Improved physical process representation of river networks in Global Flood Models

Lead Research Organisation: University of Leeds
Department Name: Civil Engineering


Quantifying flood hazard is an essential component of resilience planning, emergency response, and insurance. Efforts have recently intensified to estimate flood hazard for the whole planet with global flood models (GFMs). A key area of improvement for these GFMs is in their representation of global river networks. All current GFMs use a simplified drainage network derived automatically from analysis of the topography. This simplified network is easy to use, but errors result in mismatches with real rivers. The emergence of new, global, high resolution Digital Elevation Models (DEMs) and remote sensing data sets can help address these issues, but questions remain about how to operationalize the incorporation of this new data in the GFMs.

This PhD will aim to answer two key questions: How to identify, collect, and incorporate the relevant new data and, does this result in model output improvements? After reviewing current river datasets, the researcher will then develop methods to identify and collect this data, and incorporate it into the current GFM river networks. Due to the global nature of the datasets, this will require automated and consistent methods, while capturing the most relevant hydraulic process details and integrating these into one dataset. Methods will then be tested under different rivers and climates to ensure global applicability and quantify the improvements to output. The researcher will have direct access to a Fathom Global Ltd.'s state-of-the-art GFM framework, and work alongside their experienced developers during a 4 months secondment.

The work carried out in this PhD has the potential to improve the performance of GFMs and as a result increase their applicability. The researcher will publish all findings in open scientific publications. This multidisciplinary project includes; remote sensing, computer methods, statistics,machine learning, river hydraulics, geomorphology and flood management.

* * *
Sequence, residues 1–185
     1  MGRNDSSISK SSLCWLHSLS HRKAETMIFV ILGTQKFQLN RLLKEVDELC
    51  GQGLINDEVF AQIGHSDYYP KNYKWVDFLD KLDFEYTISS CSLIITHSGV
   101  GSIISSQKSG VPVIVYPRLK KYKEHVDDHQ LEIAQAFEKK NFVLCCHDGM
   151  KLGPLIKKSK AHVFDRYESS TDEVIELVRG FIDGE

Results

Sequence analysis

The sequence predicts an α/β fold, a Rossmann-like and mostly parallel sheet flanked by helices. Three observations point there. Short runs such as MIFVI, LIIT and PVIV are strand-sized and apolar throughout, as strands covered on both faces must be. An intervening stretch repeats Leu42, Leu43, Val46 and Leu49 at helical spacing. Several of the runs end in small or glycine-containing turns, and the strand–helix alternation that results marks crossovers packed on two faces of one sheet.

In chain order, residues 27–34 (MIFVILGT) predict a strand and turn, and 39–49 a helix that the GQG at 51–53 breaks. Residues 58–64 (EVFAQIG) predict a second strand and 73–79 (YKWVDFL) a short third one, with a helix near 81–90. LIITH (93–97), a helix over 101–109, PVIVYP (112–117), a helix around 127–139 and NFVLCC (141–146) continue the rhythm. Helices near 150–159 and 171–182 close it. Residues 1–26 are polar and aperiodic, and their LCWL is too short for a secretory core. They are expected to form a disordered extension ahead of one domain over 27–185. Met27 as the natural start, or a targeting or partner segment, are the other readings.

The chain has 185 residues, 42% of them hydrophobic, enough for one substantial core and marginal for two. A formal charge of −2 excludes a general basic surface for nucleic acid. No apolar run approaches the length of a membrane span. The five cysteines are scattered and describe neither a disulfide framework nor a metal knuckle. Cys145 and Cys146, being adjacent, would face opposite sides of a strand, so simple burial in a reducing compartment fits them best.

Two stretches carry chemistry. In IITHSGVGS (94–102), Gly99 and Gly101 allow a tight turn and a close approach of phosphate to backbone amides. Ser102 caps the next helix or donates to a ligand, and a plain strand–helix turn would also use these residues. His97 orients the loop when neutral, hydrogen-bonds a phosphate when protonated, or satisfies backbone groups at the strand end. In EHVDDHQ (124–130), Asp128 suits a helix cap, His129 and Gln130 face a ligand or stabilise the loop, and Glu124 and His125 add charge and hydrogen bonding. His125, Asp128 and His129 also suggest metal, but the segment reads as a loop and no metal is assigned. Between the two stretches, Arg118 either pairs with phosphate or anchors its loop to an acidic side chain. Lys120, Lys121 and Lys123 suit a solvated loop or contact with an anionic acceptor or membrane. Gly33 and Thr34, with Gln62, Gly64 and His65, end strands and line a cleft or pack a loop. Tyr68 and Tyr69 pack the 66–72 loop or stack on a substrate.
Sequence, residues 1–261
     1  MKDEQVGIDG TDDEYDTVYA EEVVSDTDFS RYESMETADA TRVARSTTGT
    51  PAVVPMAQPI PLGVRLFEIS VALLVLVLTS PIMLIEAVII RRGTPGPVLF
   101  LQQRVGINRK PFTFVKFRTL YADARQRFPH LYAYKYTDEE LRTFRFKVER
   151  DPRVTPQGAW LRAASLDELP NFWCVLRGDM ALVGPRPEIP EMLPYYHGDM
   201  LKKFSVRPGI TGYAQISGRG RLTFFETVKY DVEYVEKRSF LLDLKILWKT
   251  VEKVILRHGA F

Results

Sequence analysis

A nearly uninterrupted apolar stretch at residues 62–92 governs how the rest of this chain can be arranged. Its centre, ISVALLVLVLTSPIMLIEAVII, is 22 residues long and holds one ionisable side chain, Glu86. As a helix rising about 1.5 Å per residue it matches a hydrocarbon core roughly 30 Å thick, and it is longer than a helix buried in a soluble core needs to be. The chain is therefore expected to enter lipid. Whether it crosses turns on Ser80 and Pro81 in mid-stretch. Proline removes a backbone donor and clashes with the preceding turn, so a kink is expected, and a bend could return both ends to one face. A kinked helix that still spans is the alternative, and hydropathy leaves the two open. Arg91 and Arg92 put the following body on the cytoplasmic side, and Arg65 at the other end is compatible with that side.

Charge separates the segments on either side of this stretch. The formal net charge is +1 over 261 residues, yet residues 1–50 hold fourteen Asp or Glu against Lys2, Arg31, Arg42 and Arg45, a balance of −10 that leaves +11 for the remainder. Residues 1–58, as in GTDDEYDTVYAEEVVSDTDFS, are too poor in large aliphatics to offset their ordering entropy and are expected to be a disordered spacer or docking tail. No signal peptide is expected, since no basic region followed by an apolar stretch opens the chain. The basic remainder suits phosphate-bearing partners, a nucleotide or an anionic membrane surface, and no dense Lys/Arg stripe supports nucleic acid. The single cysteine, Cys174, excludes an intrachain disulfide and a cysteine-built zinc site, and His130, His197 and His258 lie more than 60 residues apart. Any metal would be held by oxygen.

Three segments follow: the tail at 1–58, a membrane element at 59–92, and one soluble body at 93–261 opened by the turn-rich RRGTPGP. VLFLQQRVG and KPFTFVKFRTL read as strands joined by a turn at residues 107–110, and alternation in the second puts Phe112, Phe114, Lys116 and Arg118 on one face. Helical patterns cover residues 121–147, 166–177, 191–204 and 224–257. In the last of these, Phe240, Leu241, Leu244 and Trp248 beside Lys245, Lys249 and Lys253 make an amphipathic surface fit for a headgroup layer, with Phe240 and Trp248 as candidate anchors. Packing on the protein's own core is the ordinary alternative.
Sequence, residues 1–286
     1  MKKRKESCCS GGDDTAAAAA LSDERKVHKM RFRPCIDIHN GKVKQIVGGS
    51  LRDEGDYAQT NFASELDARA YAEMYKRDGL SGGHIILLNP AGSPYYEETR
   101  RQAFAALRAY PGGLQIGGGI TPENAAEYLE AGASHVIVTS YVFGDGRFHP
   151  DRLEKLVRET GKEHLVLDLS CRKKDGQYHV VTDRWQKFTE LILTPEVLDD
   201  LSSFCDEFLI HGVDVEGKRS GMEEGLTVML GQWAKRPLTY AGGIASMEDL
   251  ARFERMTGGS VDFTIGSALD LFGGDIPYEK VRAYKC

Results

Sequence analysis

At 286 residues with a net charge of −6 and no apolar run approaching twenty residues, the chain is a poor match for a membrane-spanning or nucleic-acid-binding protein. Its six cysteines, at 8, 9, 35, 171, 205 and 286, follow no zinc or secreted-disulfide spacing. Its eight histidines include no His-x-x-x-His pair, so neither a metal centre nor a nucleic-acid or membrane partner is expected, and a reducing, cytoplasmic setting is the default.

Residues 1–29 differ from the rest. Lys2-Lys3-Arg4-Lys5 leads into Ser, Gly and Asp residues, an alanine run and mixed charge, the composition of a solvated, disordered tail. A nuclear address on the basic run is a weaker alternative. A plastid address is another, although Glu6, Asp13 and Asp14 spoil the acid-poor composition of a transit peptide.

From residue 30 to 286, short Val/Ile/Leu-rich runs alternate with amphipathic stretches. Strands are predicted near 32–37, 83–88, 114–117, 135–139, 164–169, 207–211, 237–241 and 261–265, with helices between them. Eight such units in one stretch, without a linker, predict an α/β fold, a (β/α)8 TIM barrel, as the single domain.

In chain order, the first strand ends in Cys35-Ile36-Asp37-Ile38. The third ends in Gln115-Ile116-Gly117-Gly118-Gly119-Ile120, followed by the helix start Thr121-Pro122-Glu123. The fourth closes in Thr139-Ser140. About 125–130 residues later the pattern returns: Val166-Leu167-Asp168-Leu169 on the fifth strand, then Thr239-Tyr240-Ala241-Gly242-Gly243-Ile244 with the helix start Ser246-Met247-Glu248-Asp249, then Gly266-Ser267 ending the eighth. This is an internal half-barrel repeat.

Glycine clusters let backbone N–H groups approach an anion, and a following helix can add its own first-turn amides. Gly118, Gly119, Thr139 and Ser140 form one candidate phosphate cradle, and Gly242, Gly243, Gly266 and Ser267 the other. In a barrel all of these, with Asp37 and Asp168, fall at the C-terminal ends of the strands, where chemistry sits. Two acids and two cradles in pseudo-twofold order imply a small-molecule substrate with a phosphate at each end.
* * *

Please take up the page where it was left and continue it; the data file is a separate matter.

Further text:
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Studentship Projects

Project Reference Relationship Related To Start End Student Name
NE/R008949/1 30/09/2017 29/09/2021
1964274 Studentship NE/R008949/1 30/09/2017 29/09/2020 Mark Viktor Bernhofen
Description The first key finding of this study was that Global Flood Models perform fairly well when compared against historical flood events. In the regions studied, the models that better represent the physics of fluid flow tend to perform better. This study also highlighted the importance of performing a collective validation when comparing multiple models. Collectively validating the models enables one to comparatively judge the performance of the models against a reference 'real' event.
The second key finding of this study relates to the river representation in Global Flood Models. The models differ in terms of the smallest river for which they model flooding. This study showed that global flood exposure estimates can differ by up to a factor of two depending on what 'minimum river size' was chosen.
Exploitation Route Users of Global Flood Models can make use of both the comparative validation that was carried out and the research into river size representation. Both these pieces of work could help to inform users about what the most appropriate flood model to use is.

The validation work mentioned previously can also be expanded on. That initial validation looked at only two flood events in two countries. Expanding the validation to include more flood events globally would be an important direction to take this work. The remainder of this research project is going to be focussed on that.
Sectors Environment